How I Leveraged Instagram to Make a Movie About Tinder

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It all started in October 2014. I was working as a technology consultant at PricewaterhouseCoopers. One Saturday afternoon, I wrote a short story about a man searching for love on Tinder, a popular mobile dating app.

By nightfall, the story grew larger and its plot, more complex. Soon, I deduced that prose was no longer the most compelling format through which to present my work. I felt that my story was yearning to escape from the Word document on which it was born.

The next day, I converted the story into a script. At this point, I knew that I wanted to produce a short film, I just didn't know where to turn for support. Leveraging Facebook and Twitter, I researched dozens of local video production companies. Finally, I discovered Robot Fondue, a boutique production studio based out of Brooklyn. Robot Fondue's Dan Jusino (director of photography) and Mark Bracamonte (director) shared my passion for skateboarding and the three of us decided to incorporate skateboarding, not only in the storyline, but also in the production process (i.e. Dan filmed a number of scenes while skating alongside the actors).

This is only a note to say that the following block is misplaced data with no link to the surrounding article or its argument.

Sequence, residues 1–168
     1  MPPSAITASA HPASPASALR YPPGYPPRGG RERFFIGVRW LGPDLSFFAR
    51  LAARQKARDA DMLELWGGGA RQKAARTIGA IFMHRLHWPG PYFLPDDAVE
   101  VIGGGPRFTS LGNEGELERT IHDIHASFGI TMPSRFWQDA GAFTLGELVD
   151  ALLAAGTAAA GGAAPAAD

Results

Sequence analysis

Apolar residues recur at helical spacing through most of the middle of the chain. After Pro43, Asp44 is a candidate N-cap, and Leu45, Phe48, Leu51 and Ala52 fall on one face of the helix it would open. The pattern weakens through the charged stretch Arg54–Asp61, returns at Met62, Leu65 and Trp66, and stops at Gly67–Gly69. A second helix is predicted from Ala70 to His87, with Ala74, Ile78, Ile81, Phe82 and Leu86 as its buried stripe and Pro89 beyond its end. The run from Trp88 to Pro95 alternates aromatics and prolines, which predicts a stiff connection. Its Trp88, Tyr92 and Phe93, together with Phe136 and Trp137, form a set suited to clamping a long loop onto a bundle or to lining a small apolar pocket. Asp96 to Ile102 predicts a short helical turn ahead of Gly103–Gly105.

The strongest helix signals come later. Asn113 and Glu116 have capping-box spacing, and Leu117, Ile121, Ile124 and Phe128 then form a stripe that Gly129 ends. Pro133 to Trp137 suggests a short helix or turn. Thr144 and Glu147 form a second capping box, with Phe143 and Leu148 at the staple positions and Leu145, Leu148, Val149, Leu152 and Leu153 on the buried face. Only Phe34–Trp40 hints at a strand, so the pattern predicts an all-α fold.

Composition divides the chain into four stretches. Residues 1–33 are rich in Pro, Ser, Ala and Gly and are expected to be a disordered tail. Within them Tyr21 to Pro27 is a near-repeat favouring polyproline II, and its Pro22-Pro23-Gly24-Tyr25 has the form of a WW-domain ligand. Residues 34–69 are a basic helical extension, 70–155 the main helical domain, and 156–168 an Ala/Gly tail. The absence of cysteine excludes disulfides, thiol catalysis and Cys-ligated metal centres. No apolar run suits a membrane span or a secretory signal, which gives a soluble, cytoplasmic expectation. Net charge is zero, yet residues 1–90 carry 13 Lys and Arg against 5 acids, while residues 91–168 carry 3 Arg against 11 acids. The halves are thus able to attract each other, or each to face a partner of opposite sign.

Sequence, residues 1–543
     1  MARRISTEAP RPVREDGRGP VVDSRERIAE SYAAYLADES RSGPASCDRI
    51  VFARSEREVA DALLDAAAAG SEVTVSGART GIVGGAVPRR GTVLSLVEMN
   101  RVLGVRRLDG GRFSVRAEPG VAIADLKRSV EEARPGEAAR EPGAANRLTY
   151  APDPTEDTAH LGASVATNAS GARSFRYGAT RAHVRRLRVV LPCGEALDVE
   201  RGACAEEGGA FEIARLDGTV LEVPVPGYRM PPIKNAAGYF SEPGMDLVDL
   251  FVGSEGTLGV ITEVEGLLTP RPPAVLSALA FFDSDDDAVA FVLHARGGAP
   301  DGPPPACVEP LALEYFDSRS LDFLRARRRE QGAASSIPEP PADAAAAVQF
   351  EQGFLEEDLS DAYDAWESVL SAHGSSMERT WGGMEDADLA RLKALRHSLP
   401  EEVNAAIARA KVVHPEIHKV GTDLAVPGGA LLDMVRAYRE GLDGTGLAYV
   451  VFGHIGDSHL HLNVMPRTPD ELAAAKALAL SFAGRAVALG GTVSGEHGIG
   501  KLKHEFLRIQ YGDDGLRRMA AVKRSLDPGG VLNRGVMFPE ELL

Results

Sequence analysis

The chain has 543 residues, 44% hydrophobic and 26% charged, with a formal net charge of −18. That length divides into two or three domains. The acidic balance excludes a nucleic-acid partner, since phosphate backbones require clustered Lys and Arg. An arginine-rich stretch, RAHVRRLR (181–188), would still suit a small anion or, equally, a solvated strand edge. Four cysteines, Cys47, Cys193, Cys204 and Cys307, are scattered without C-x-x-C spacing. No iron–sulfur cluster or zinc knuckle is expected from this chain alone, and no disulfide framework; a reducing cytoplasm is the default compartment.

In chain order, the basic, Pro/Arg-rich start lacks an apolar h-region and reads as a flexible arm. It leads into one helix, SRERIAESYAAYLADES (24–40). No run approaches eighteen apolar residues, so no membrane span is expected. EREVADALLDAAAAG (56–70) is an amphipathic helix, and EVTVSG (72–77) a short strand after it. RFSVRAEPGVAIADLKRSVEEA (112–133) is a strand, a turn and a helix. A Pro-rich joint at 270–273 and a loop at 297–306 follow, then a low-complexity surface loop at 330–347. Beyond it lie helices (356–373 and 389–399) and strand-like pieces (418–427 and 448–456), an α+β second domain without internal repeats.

The great challenge of casting a love story about skateboarders was that I needed to recruit an actress who knew how to skateboard. With no outside funding and no experience assembling a cast, I took to social media. Rather serendipitously, I stumbled upon the Instagram account of Sarah Moliski, a comedic actor who skateboards and just so happens to be Lucy Liu's personal assistant. I contacted Sarah by commenting on her most recent Instagram post. She responded, expressing her interest in the film and later agreed to participate.


Exactly a month later, Sarah, the Robot Fondue crew and I were bundled up in Central Park, shivering in between shots as we rushed to complete the production in less than twelve hours. It wasn't, by any means, a walk in the park. My suit ripped in the middle of filming and for the sake of time, the team had to eliminate a number of scenes. Still, we managed to salvage the key shots that I dreamt up one Saturday afternoon. And together, we made movie magic.

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